Lecture 1 Biological Anthropology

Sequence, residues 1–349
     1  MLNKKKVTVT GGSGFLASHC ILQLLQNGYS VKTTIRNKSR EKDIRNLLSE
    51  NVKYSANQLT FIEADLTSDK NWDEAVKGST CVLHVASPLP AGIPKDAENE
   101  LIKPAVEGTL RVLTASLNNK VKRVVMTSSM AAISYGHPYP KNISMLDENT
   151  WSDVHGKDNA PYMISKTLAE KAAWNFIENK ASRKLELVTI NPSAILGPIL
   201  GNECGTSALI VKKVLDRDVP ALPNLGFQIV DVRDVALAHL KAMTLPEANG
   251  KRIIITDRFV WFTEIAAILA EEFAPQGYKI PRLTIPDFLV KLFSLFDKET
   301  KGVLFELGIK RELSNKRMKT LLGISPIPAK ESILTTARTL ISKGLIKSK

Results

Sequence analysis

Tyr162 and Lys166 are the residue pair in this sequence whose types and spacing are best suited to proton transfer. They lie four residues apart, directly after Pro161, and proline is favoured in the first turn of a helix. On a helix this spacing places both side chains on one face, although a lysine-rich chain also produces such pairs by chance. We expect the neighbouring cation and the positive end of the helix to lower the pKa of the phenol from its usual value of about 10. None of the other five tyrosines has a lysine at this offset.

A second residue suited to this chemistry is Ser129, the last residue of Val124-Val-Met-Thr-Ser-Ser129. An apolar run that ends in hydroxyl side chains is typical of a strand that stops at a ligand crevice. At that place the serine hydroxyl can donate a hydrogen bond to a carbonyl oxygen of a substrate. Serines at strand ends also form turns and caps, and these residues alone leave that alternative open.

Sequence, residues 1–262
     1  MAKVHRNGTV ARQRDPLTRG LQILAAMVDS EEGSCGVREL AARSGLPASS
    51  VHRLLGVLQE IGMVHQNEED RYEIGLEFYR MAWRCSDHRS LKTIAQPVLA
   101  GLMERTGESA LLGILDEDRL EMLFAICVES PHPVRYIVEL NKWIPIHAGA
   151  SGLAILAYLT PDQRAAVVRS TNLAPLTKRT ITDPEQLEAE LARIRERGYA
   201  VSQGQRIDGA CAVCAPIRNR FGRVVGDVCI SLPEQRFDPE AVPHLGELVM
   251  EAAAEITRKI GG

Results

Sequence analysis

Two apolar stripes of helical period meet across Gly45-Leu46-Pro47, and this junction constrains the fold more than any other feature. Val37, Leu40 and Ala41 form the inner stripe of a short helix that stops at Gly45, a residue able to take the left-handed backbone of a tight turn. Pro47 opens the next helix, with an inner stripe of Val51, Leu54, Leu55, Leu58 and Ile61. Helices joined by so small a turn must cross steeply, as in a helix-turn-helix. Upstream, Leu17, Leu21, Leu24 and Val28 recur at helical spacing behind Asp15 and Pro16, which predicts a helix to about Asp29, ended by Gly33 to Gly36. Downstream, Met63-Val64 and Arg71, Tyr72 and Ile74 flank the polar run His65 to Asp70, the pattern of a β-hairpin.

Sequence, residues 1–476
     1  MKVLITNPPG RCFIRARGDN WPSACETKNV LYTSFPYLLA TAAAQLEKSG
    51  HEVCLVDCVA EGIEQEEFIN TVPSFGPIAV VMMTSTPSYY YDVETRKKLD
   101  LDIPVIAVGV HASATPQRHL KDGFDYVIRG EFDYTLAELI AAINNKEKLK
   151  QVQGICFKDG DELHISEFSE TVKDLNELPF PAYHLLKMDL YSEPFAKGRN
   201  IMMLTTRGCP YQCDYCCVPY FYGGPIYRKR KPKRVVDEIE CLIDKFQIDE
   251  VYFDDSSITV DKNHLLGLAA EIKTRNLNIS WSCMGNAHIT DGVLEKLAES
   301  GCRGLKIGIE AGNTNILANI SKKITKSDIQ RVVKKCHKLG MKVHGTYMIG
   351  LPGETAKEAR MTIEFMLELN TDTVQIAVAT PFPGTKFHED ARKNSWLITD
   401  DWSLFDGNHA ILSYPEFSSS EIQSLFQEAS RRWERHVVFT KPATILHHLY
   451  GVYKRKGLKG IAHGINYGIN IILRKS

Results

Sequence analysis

Hello. Welcome to Anthropology 225, Introduction to Biological Anthropology. My name is Megan Greenholder and I'll be one of your TAs this semester. I don't really like this little video thing, so I'm going to kill that real quick and get it out of the way. I will not be your regular lecturer. That's Doctor Grewsky. I volunteered to lecture today on the history of developmental, blah. I volunteered to lecture on the History of Biological Anthropology as a discipline. Because I think it's terribly important to understand how we came to be where we are as a discipline. In order to understand why we think about certain topics the way we do. It's kind of a pet interest. I was expecting this lecture to be at the other end of the series, but it turns out that I get to introduce the class. So, Welcome to Bioanth. We're not going to go through the whole syllabus, you should already have read that on your own. I just wanted to recount really quickly the goals of this class. There is actually only one. To provide you with an introduction to the field of physical anthropology. Over the course of this semester we're going to look at human genetics and human variation. Primates and primatology, fossil, primates and human ancestors, which is paleoanthropology. Talk about human evolution, and even the applications of evolutionary theory to human behavior. It's not on the syllabus, but it's cliché and naive as it might sound. I personally hope that this class gets you to think about why we study people, and why in these ways. About science and evolution and the impact of these ideas on our understanding of the universe as we observe it. And about what it means to be human. Don't just memorize all the information we throw at you. But also try to think about why it's important. Anyway, enough of that. Today is the introduction to the introduction. But first I wanna talk about what is biological anthropology is now, its areas of study, and why these are considered biological anthropology. Most of these will be covered at greater length later in the course as well. Especially human variation in paleoanthropology, primatology, and bio-archeology. Next we're going to discuss the development of the discipline, major theoretical shifts, etc. When I say theoretical here, I don't mean that I am theorizing that this is what happened. But rather, what they were thinking when they did their research. Theory in a sense is the philosophy of academia. And then finally we will discuss a little bit of politics theory and why it's important to question motives in research. By the end of this lecture you should be able to explain what bioanthropologists in different specializations are trying to do in the broadest sense. And how these goals relate to the overall interests of biological anthropology. Be able to explain why this class is taught from an evolutionary perspective. Be familiar with the historical development of biological anthropology as an academic. Discipline, and be able to discuss the importance of examining the motives of any research or study. I'm personally not concerned about whether you know all the dates and the names of who did what, when. At least, not at this stage, mostly because I, myself, am terrible with both names and dates. That's what reference books and the internet are for. If you ever need to know, you can look it up. What I want you to get out of today's class are the broad strokes of the development of physical anthropology. And a little bit of insight into why the discipline developed the way it did. So, part one. What is Bioanth? Biological anthropology is also known as physical anthropology, bioanth, phsyanth and I have a habit of using all of these terms interchangeably. Sorry about that. We'll talk about the technical distinction between the terms a little bit more in the history section. Biological anthropology is also one of the four major sub-fields in anthropology. You may recall from Ant 201, that here at Texas A and M, we have four fields. Which are, cultural anthropology, biological anthropology, archaeology, and nautical archaeology. In most four field programs, the fourth field is linguistics, not nautical. Each of the four subfields gives a different perspective on what it means to be human. Roughly, how humans interact, and how they behave in the present, how humans evolved and function biologically. How humans lived in the past based on their material culture and how humans think and communicate. This course focuses on the biological aspect of anthropology. Understanding what it means to be homo sapiens and where we came from as a species. Biological anthropology is currently divided into several areas of study. Human Variation, Human Evolution, Primatology, Genetic Anthropology, Bioarchaeology, Forensic Anthropology, and Medical Anthropology. All of which contribute to, or are built on, our understanding of what it means to be human, in the biological sense of the word. The study of The study of human variation entails looking at physical differences and similarities between different populations and sometimes different time periods. These differences can range from morphological. Such as is there a functional difference in nose shape and sinus capacity at different latitudes. To biochemical. Is there a difference in the way that people process oxygen if they grow up at different elevations? To genetic, is there a higher rate of genetic resistance to a particular pathogen in one population over another? To ecological, what are the biological needs of the human animal, and how do different populations meet them? This area of interest is most directly related to the original conception of physical anthropology as in, as we will discuss it in part two. The study of human evolution, or paleoanthropology, sometimes referred to as just paleo, examines the fossil record for evidence of our hominid ancestors and cousins. So Pathological evidence for fossil apes as well. Based on teeth, skull morphology, which means the shape, and body proportions. They try to reconstruct when important milestones were reached in human evolution. Such as, bipedality, which is walking on two legs. Encephalization, which is increase in brain size and shifts in major dietary input. So was meat eating important and when did it become important? Sometimes they also attempt to look at behavioral developments through physical correlations. Such as monogamous pairing and the introduction of cooking through analogy to modern primates. This part of Bioant developed largely independently of what was initially called physical anthropology. And was later integrated because in order to define what a thing is, it's helpful to know where it came from. Primatology is the study of non human primates. Primates are our closest living animal relatives. Like cousins on the giant evolutionary family tree. Many primatologists look at primate behavior and the correlation between behavior and different physical attributes. Like body size, mode of locomotion, or sources of food. Many of the conclusions drawn in primatology depend on analogy to living primates such as chimpanzees. Either through application of certain generalizable rules. Such as sexual dimorphism in body size is related to the social organization of the species. When males have to fight for mating rights. They also tend to be much larger than females, and they tend to form single male multi-female groups. Or under the argument that if modern human and non-human primates behave similarly and have similar physical traits. Their common ancestor likely would have as well. Primatology developed as a distinct discipline around the 1930s, but didn't really take off in anthropology until the 1960s. One biological anthropology as a whole with expanding his interest. The study of human genetics and the application of these studies to anthropology is multidisciplinary. At many schools human genetics is considered a part of biology or medical departments or as its own field, not part of anthropology. There are however growing numbers of genetic anthropologists who look at issues of human variation, human evolution. And the differences between humans and non-human primates through genetic differences. There are also genetic techniques used to identify unknown individuals in forensic cases. Genetic studies have been around since the early 20th Century. When they depended on examining different protein formations as a proxy for the actual genetic information. The development of DNA studies began in the 1980s. But new methods developed in the 1990s and early 2000s have allowed wider and more accurate application of genetics to anthropological research questions. When genetics are discussed in anthropology, it is usually by biological anthropologists since it has to do with the physical body. We will not focus on genetics as an individual area of interest this semester. But we will discuss genetic information in the context of evolutionary mechanisms, paleoanthropology, primatology and forensics. Bioarchaeology is a specialization that crosses sub-field lines in anthropology. Being the study of human remains in archaeological contexts. By and large, this means looking at bones. Bio archaeologists determine the number of individuals in context, their age and sex. Any antimortem or perimortem trauma, which might be associated with interpersonal violence. Any evidence of disease which might be seen in the skeleton. They also look at stress markers from work, and chemical evidence of diet an the lo, and the location in which people were born and grew up. In short, they figure out everything they can about ancient individuals based on their bones. Most questions by archaeologists ask are related to a population rather. To individuals, such as, how did nutrition and workload vary for these people, before and after the introduction of maize agriculture? This area of interest, along with modern studies of osteological development came out of early osteological and anthropometric studies. Osteology, by the way, is the study of bones and anthropometric just means measuring people. Science is not very clever with its naming schemes, it, these things just sound cooler in ancient languages. There are two applied fields related to biological anthropology, forensics and medical anthropology. Forensics uses primarily bioarcheological and genetic techniques to identify unknown individuals, causes of death. And long term patterns of trauma for legal purposes. It's for legal purposes part that makes it forensic. This can include individual suspicious deaths or mass deaths like would be found at the World Trade Center or in situations like genocide. I'll be talking more about forensic anthropology at the very end of our lecture series. Medical anthropology is a field largely motivated by social justice and sociological issues. There are many quality of life improvement projects, which include medical anthropology elements. Like bio-archiology, medical anthropology crosses sub field boundaries. Its interests include biological verification of social differences. Different treatments of physical and mental ailments and different approaches to public health in different cultures. So it tends to fall more closely to the culture, to cultural anthropology with some physical elements. Medical anthropology projects can range from facilitating conversations about immigrants, cultural concerns about Western medical practices, in U.S hospitals. To installing sanitary waste disposal units in Bangladesh and explaining their importance to local users of the system. To working with local shamans or midwives to improve prenatal care in regions which do not accept western medical practice. We will not focus on medical anthropology in this class. But if you think it sounds interesting I recommend reading Spirit Catches You and You Fall Down by Anne Fadiman. Which discusses many of the problems which arise at the junction between western and non-western healthcare. All Biological Anthropologists today subscribe to an evolutionary perspective. This means that we believe that evolution is a thing. And that its principles can be used to explain how and why all live, including people, has developed in such a way as to thrive in almost every environment on earth. More specifically, we believe in natural selection as the ultimate explanation for why things are the way they are. Out of all the possible variations of things competing for the same resources. The ones that survived were more suited to the to their environments than all other competitors. The principles of evolution and natural selection will be discussed more thoroughly in the next few lectures. But it is important to know right from the beginning that this class will be taught on under the assumption. That natural forces are the only forces directing the development of life as we know it. I think this issue may bear a little bit more explanation. Because this is an assumption which many students seem to take exception to. And I find it's best to address the issue head on. Intelligent design, and other creationist views of the development of life, as we know it. Depend on the idea that a supernatural force has had a hand in shaping or guiding the development of life on Earth. Scientists start by assuming that only natural forces which we can observe today and know must have been involved are involved. This is what is called in statistical arguments a null hypothesis. It is the simplest explanation which we must reject in order to consider more complex explanations. Such as the involvement of both supernatural and natural forces. The only way to prove that a supernatural entity must have had a hand in shaping the development of life. Would be to prove that there is no way that natural forces alone could have done it. There is insufficient evidence. There is insufficient evidence to reject the null hypothesis, that only natural forces were involved in shaping life as we know it. Therefore, we must proceed in all scientific disciplines, including biological anthropology, as though natural forces are the only forces are involved. Even if you personally do not believe this to be the case, I must ask you to accept it as a working model, for the purposes of this class. If you are interested in some outside reading, on how evolution works. And what exactly an evolutionary perspective is, I recommend you find a copy of Evolution for Everyone, by David Sloan Wilson. Do it now, before you, and I'd do it now before you have a lot of stuff to do this semester. Both this book and the one I just mentioned, The Spirit Catches You and You Fall Down, are written for popular audience, so they're very easy reads. And you should have more than enough background information, to understand the concepts and problems they're discussing. If you want examples of the natural forces of evolution network, in the world today, I direct you to all the YouTube videos associated with the evolution lecture in the week one folder, in the course materials tab in e-campus, which also should be whether you found this lecture. And of course the Evolution, the Evolution Lecture which is the next one in our lecture series, on to part two. How did we get where we are today? The historical development of biological anthropology. Beginning with the 18th century, pre-anthropology in the age of enlightenment. It was in Europe in the 18th century, which would be the 1700's. That the underlying concepts which would become central to physical anthropology, were developed. Systematic classification of humans into subgroups, was instigated by Carl Linnaeus, a Swedish naturalist, in Systema Naturae, first published in 1735. This was also the first published classification of humans with other, which is to say non-human primates, in one category. Race was formulized as the major typological division of the human species. Johann Friedrich Blumenbach, a German phy, physician and anatomist, was one of the first scholars to combine an interest in racial typology, with cranial morphology studies. Which are two of the major elements, of early physical anthropology. And for this reason, he is sometimes considered one of the founders of physical anthropology. One 18th century American scholar pursued work which foreshadowed that of biological anthropology, Samuel Stanhope Smith at Princeton University. Unfortunately his theoretical, unfortunately his theoretical perspective was not effectively integrated into physical anthropology. This is a shame because, Smith had a much more progressive view of human variation than many of his contemporaries, which is more in line with what we know today. He thought that all humans were members of the same species, with continuous variation, subject to environmental modification. In contrast, the view of race held by most of the 18th century scholars who would become the forefathers of physical anthropology in Europe, was that different races were distinct and immutable. Or even different species, which became an important theoretical point as the discipline developed. A division arose in 19th century Europe between social anthropologists and Darwinian evolutionists, who believed that races can change over time and physical anthropologists, who believed that races were immutable or unchanging. This, this point that races were potentially different species, was actually proposed from both evolutionary and creationist perspectives, with the evolutionist proposing that perhaps they had evolved from different species, or that they had evolved from the same species at different times. And with creationists actually expressing a multi genesis, a polygenesis model, so, God had created them,one after the other. Work which could have developed into physical anthropology in the U.S., was delayed by the American Revolution. The war proper only lasted from 1775 to 1783, but the political upheaval which led to the war begin as early as 1765. Much of the scholarly class, which was in Europe concerned with pursuits such as human variation and anatomy, was in the colonies, instead more concerned with political science, and the formation of government. Moving on to the 19th century, and the official beginnings of physical anthropology. In the US, there were still a few scholars who could be considered predecessors to physical anthropologists. In the US, there were still few scholars who can be considered predecessors to physical anthropologists, but in 1839, Samuel G.Morton, a physician and scientist who made contributions to paleontology, geology, and anatomy, published a massive cranial study on Native Americans. Similar to those produced by European anatomists, throughout the 18th and 19th centuries. Also, like European scholars, Morton conceptualized races as distinct and immutable. He had a greater influence on American physical anthropology than his predecessor Smith, through, through Ales Hrdlicka Its Czech. It's absolutely the worst name to say in physical anthropology. Charles Darwin, published On the Origin of Species in 1859, and ideas related to evolutions spread rapidly. Darwinian evolutionary ideas were widely rejected by physical anthropologists, because they were not compatible with contemporary ideas about, race and the nature of the human species in general. A division developed in English anthropology left ethnologists, the social or cultural anthropologists, and Darwinian evolutionists on one side, and the majority of physical anthropologists, along with physicians and anatomists on the other. At this point, linguistics had yet to be differentiated from cultural anthropology. Except when it was used in the study of ancient text, which is called epigraphy. And archaeology was largely concerned with the classical world, and antiquarian culture, historical pursuits. Rather than anthropological questions. So, anthropology itself really only consisted of physical, which is what was refered to as anthropology at the time. And cultural, which was then referred to as ethnography. The groups formed different professional societies, which were reconciled in 1871, but the ten year period firmly established physical anthropologists as having a theoretical basis, distinct from cultural anthropologists. In the latter half of the 1800's, physical anthropology became institutionally recognized in European academia. At this point, it was not required to have a degree in anthropology to do physical anthropology, any degree, and making contributions to the field would do. Many of the early physical anthropologists were anatomists, physicians, philosophers or otherwise just interested in people. In Germany and France, physical anthropology was taught through medical institutions, and through medical studies. It very much focused on racial variation and human osteological development. In England, physical anthropological interests were most, were more closely aligned with paleontology, evolution, and archaeology, rather than strictly medical training, and therefore, lean more towards what today we consider paleoanthropology. Paul Broca who we, we, Paul Broca who we will discuss later in the semester related to the region of the brain associated with language, founded four anthropological societies in France between 1859 and 1872. He incorporated many of Morton's ideas into his own. As you may recall, and we will discuss later, Morton and Hrdlicka were American, this suggests that there was quite a lot of communication between anthropologists, such as there were, on both sides of the pond. In England, Thomas Huxley, who was a Darwinian evolutionist, published the first text on physical anthropology in 1863. It was called Evidence as to Man's Place in Nature, and included information on comparative primate anatomy, fossil evidence for human evolution, and information on the natural history of non-human primates. Huxley later went on to study modern human variation. Francis Galton, an English biometrician, so somebody who measures living things, began looking at human development in 1873. Germany had largest numbers, and the strongest scientific establishment of physical anthropologists, both before and after World War I. But much of the history associated with the field has been tarnished by antisemitism, and extremely racist approaches to the study of humans, even compared to contemporaries in other countries. To the extent that there's not a lot of widely available, information on this period, all of which started around 1880's. Which is, also when the discipline became firmly established in German academia. Then following on that, in 1890, Arthur Keith who was British, published his observation on gibbons in Thailand. Which was one of the very first studies on primate behavior in the wild. So that's more or less where we are at the beginning of the 20th century, where the discipline becomes more professionalized, and we have the new physical anthropology. The 20th century up into several shorter time periods as recognizable academic generations started to be produced in American physical anthropology. One of the major themes throughout the 20th century, in contrast to the 19th. Is that there was more emphasis in training students, and influencing future academic directions, rather than on individual works boost, especially because there was somewhat of a bottleneck in American physical anthropology, with only one person, Earnest Hooton. Training students throughout the first half of the century. The focus of physical anthropology, to a certain extent, shifted after World War II, as the United States began to train more students on physical anthropology, than Germany. At the turn of the century, through at the turn of the century in France, Leonce-Pierre Manouvier, which I'm sure I just butchered. Who was one of Broca's students, helped train Hrdlicka, who would later be very influential in the US. And worked on human cranial sexual dimorphism, as well as other osteological issues. Rudolf Martin, a Swiss anthropologist at Zürich, wrote the handbook of physical anthropology, the original title is in German, something. Which was the main reference book throughout the early 20th century, for physical anthropologists. It was published in 1940. So, right at the beginning of World War 1. English scientists Arthur Keith and Grafton Elliot Smith, made significant contributions to comparative primate anatomy, as well as tra, as well as training T Wingate Todd and Earnest A Hooton, who also later became very influential in U.S Physical anthropology. Franz Boas, Boas, Franz Boas, who you may remember from 201 as the father of American anthropology, and a major contributor to. Franz Boas who you may remember from 201 as the father of American anthropology and a major contributor to cultural anthropology conducted experiments in 1912 which show, which showed that races weren't that mutable, with changes in immigrants symbolic index averages, from one generation to the next. This was significant because that was actually one of the measures that had been used, to classify races before this time. In the inter warriors 1918 through 1939, Rudolph Martin, the Swish, the Swiss National we talked about a minute ago, moved to Germany in 1918 where he worked on human growth and development. Field primatology began to develop as a distinct area of interest with multidisciplinary, with a multidisciplinary study of gibbons in Thailand, in 1937, led by psychologist Raymond Carpenter, which included two anthropologists, Adolph Schultz and Sherwood L Washburn, who will become a major player later on. The major themes in physical anthropology in the pre-World War II period, were race, eugenics, human origins, comparative primate anatomy and human skeletal biology or osteology. Other areas of research included human growth and development, anthropometrics, demograph, demography, genetics, epidemiology and statistics. There were only a handful of physical anthropologists in the United States, in this period. The most influential, being Boas, who trained very few students but had a very forward thinking approach to research design. Hrdlicka, who trained no students, but founded the American Journal of Physical Anthropology in 1918, and then the American Association for Physical Anthropology in 1930. And Hooton, who trained so many students that over 50% of Physical Anthropologists today can trace their academic lineage, student to PhD advisor, back to him. Between 1926 and 1939, in 1939 Hooton trained about 20 PHDs in Physical Anthropology. In comparison, only five Physical Anthropology PHDs had been awarded in the United States as whole, from 1880 to 1925. World War II to 1950, so that would include the period of World War II, which was 1939 through 1945 and in its immediate after effects through 1950. During World War II, in the United States, many people who could be considered Physical Anthropologists took a break from academic pursuits in order to do their parts for the war effort. So there was comparatively little development in the field, but there was apparently little interruption. Work picked more or less where it had left off, but with an increase in the number of students seeking degrees. In higher education with the institution of the G I Bill and of course eugenics was no longer a major research area. In other news Sherwood Washburn completed his Ph.D in 1940 under Hooton and became very involved with professional organizations throughout the following decade. Which put him in a position where in 1951 he could publish a seminar paper on what he called the New Physical Anthropology. The New physical anthropology as in vision by Washburn was a lot more like what we know is biological anthropology today. It was supposed to focus on primate and human evolution and human variation, with Darwinian Evolution as the theoretical foundation of the discipline, and genetics as a major unifying perspective. Typological race was supposed to be disposed of as an analytical concept. People could be studied as population. People should be studies as populations rather than types. Finally, there was to be an emphasis on analytical hypothesis driven study over the until then ubiquitous descriptive study. This is not to say that none of this had ever been done before. Boas and a man named Raymond Pearl had done a lot with analytical studies in the previous generation. And there had been Darwinian evolutionists like Huxley since the publish, since the publication of origin almost 100 years before. But these elements had not been systematically included into the discipline of physical anthropology as a whole. By in large, the foresight outlined by Washburn did become widely adopted research goals. But one exception was his perspective on race, which took a while to be adopted. Throughout the 1950s and 1960s race-focused researchers first tried to apply scientific principles to the study of race. And then began to abandon it as they found more and more evidence that race was not a valid system of distinct biological categories. There were however, some major exceptions to this general trend. For example, in 1962, Carleton Coon published On the Origin of Races, which maintained that each race had developed from homo erectus into different, into distinct species at different times. There was, however, more significant backlash against this publication than there had been against previous, similarly racist arguments in the past. A prelude to the kind of reaction which modern physical anthropologists have two suggestions of biological human races. Moving on, from 1960 to 1999, the last section of the 20th century. Throughout the 1960s, 70s, and 80s, there was a dramatic increase in the number of physical anthropologists trained in the US. Largely due to the foundation of the to the foundation of the National Science Foundation, which became a major funding agency for anthropology. There was somewhat of a movement toward multiple field approaches in the 1960s, as researchers from different subfields found themselves with common interests in environmental adaptation. In this period, it was expected to a certain extent that physical anthropologists would be generalists, looking at all modern and prehistoric human variation and different aspects of human evolution. But not necessarily primatology. The 1970s saw improvements to the methods of primatological observation bringing field primatology firmly into line with the more systematic research paradigm of the new physical anthropology. The 1990s saw an increase in the tendency toward specialization in the different subareas. Genetics, primatology, modern human variation, paleoanthropology, and the applications of skeletal biology in archeology and forensics. Several major shifts took place in these subareas from the period, in the period, from 1960 to the turn of the century. Don't worry if this, little section here references things that you are unfamiliar with. You will be covering most of them again as you go through the different sub-areas later in the semester like, paleoanthropology. So for genetics. Before the 1990s, genetic studies depended on examining different protein production. Essentially working out the DNA genotype from the visible phenotype. In the 1980s and 1990s, technological advances allowed people, for the first time, to look direct at the DNA genotype itself, rather than working backwards. This was huge, and will make a lot more sense after the Hardy-Weinberg lecture. But it allowed researchers to look at a whole suite of traits directly, to develop different methods to trace lineages, and to determine the dates of separation between lineages, otherwise known as the genetic clock. Which essentially allowed us to attach a solid timeline to the family tree of the animal kingdom. Paleoanthropology. I feel like I have somewhat neglected paleo in this lecture. But it will make more sense when you're talking about the individual specimens later in the semester. Basically, early paleoanthropologists expected for entirely racist reasons, that humans ought to have developed in Europe. And that they should have had big brains but otherwise look ape like. When no such ancestor was forthcoming one was manufactured. It was called Piltdown Man and consisted of a human skull with a modern orangutan jaw. It was so widely accepted that the few legitimate paleoanthropological discoveries that were made, were ignored. In the late 1950s, it was established that Piltdown man, the presumed human ancestor found in England, was a hoax, clearing the way for the development of a more reasonable view of human evolution. Australopithecines became recognized as the most likely human ancestors. Followed by homo habilis and erectus as more discoveries were made. Basically everything you will learn in this course about paleo, even if it was discovered before the 1960s, was only integrated into our modern understanding beginning in this period. Before the 1960s, people had been interested in human evolution and they have been collecting fossil evidence. But the vast majority of their interpretations had headed off in entirely unproductive directions. Forensic anthropology had been around since 1939 when Wilton Krogman wrote a handbook for the FBI on the subject. The techniques were subsequently used to identify World War II dead. The subarea was not widely recognized by anthropologists however, until 1962 with Krogman's second, well, with Krogman's book, the Human Skeleton in Forensic Scientists, in Forensic Sciences. At that point, forensic anthropologists, at that point forensic anthropology became more widely recognized as a viable applied subarea by anthropologists. In 1972, forensic anthropology was more formally recog, in 1972, forensic anthropology was more formally recognized by the American Academy of Forensic Sciences. By the 21st century, physical anthropology had more or less taken on the form it has today, as I described earlier in part one of this lecture. Over the past 14 years, there have been advances in all areas of physical anthropology, largely related to constantly improving methodology and technological advancements. And new finds in the case of paleoanthropology. But, for the most part, there have been no major overhauls of the field. Using Coon's Model, we are in a period of normal science. Part three, what has politics got to do with it? My undergrad was a smallish liberal arts school with a teaching focus. Every single class I took in Anthropology had a history theory ethics component, which I thought was awful at the time. But which I now better understand. But of which, I now better understand the importance. One of the most important reasons for discussing the political and social environment in which a discipline develops, is that it can explain why certain subjects are dropped from programs of study, and others are championed. This has happened several times in biological anthropology. The two most clearly recognized examples are the issues of race and genics. The original purpose of anthropology in England, and the reason that there was a split in the English to anthropological academy. With social anthropology and Darwinian evolutionists on one side and physical anthropologists on the other, wasn't it physical anthropology was heavily oriented toward establishing the reality of race, and a hierarchy of races for the purpose of supporting colonial expansionism. Basically, it was propaganda. Social anthropology was also involved in this to a certain extent, but moved on much sooner. In order to maintain their belief in the fixity of races, which was their main area of study. Early physical anthropologists had to deny Darwinian evolution, and so isolated themselves from much of the scientific community. A series of revolutions an, a series of revolutions and world wars put a firm stop to the colonial area, the colonial era, militant nationalism and expansionism, after which time, there was no longer the same political pressure to recognize certain populations as inherently and irrevocably inferior to others. In fact, following World War II, there was a strong civil rights movement in the United States pushing for recognition of all races as equal. This influenced physical anthropology in the 1950s and 1960s to adopt a much more scientific approach to the study of humanity. First attempting to study the concept of race more systematically, and then abandoning the area of research as it became clear that there was no such thing as biological race, despite the volume of work produced on the subject before 1950. It is important to note here, that the hardcore racists we're willing to do bad science and ignore widely accepted scientific theories, in order to maintain their viewpoints. It was only under political pressure that institutionalized racism finally declined. There are in fact still recurrences of scientific justification of biological race from time to time. Notably the bell curve in the 1990s, and a troublesome inheritance which received publicity in the Times earlier this year. Which is 2014 if you're watching this from the future. These, such recurrences are rejected by biological anthropologists on the basis of their poor science, but with a, but with a fervor that stems largely from ethical, re, political, concerns. Eugenics was one of the early earliest foci of biological anthropology. From a modern perspective it was a rather confused focus concerned with racial purity and also class issues. Eugenics had a tendency to equate race with socioeconomic status, to consider race as the causal factor in socionomic, in socioeconomic position. And to consider poverty a biological failing associated with race. Basically, the got the wrong end of the stick all over the place. They were also concerned with intelligence and criminality, and a host of other features which are both culturally and biologically influenced. The advocated the sterilization of the poor, criminals and the mentally impaired as a means by which to improve the human species as a whole, as well as individual races. Eugenics was actually touted at one point as a potential applied field of biological anthropology. Several physical anthropologists were influential in the development of the Nazi party's approach to race, as racial purity was also one of their major themes. Such view were widely and publicly supported through World War II, but the population of the, but the popularity of the field declined sharply after the genocidal Nazi approach to eugenics was widely recognized. Certain scholars have attempted to revive the field with a more modern focus on genetics. But it has not taken off as Eugenics is still associated in the popular mind with the Holocaust. So is it a good thing that Biological Anthropologists by and large now reject the ideas of race and Eugenics. Do you think that worthwhile studies could still be done on these topics? This is a major ethical issue in bioanth, because there is a great deal of pressure in both in and outside the field of Biological Anthropology to let the dead lie, and just leave those issues the heck alone. But at the same time, there is a principle in science that no subject should be exempt from study. Race is still studied from time to time, because race is still in every day life a very real phenomenon, even if it is social, not biological in origin. Most people don't seem to care about the distinction even though it's very important. And as I mentioned there was a recent book published on the topic which completely misinterprets genetic data to come to the conclusion that there are biological races. About the only way that Biological Anthropologists will address the subject is to refute such claims. Otherwise we want nothing to do with race. As far as I know, no one studies genetic, no one studies Eugenics. If they do look at any of the concepts associated with the field, they avoid the word Eugenics itself, and absolutely no one, would publish any sort of study, advocating a practical application of Eugenic principles. There are good reasons, to close the study of both biological race and Eugenics aside from political pressure. Race has been shown repeatedly over the last 50 years not to exist as a biological reality in humans. It cannot be scientifically studied, because you cannot observe what does not exist. It is however, possible to study the biological effects of social stigma and marginalization associated historically and today between different socially recognized races. And this is a direction in which research has proceeded under medical anthropology and sociology. Eugenics cannot be studied scientifically either. In this case, because the goals of Eugenics are by definition opposed to objective scientific inquiry. There is no direction in natural selection aside from environmental shifts. There is no suite of traits which is objectively better than any other over the long term. Take for example, intelligence. Neanderthals had larger brains than we do, but we outcompeted them. So clearly it's not an issue of sheer quantity trumping all else. If you wanted to select for superior intelligence, how would you do it? Would you privilege logical reasoning over social intelligence? Why? Advocating Eugenics studies requires defining certain traits as superior to others, which cannot be done objectively. To make an analogy of it, we are not refusing to take on the case of biological race. We've declared it closed. Social race and Eugenics are simply not in our jurisdiction. So no, I don't think that we should still be studying biological race or Eugenics. But I do think that it's important to recognize why Biological Anthropologists have in the past, studied both of these things along with other specializations which are still acceptable today, like Paleo Anthropology and primate comparative anatomy. And it's equally important to think about why we don't study them anymore, because people didn't just up and realize that actually, there was no good scientific justification for their work. They stopped under social pressure and then later realized that biological race and Eugenics were bad science. The reason I think, the lesson I think should be taken from this and the one thing I would advise you to do regardless of your specific interest or field of study, is to constantly ask yourselves why are we doing this. And make sure that the answer is one you can make an argument to support. That is all I have for you today. That's all I have for you today. You should now be able to explain what bioanthropologists in different specializations do, in the broadest sense. And how these goals relate to the overall interests of Biological Anthropology. You should be able to explain why this class is taught from an evolutionary perspective. You should be familiar with the historical development of Biological Anthropology as an academic discipline. Again, broad strokes. And you should be able to discuss the importance of examining the motives of any scientific study. If you have any questions about this or any other lecture you can contact your TAs at [email protected] or Tune in for Office Hours as outlined in the syllabus.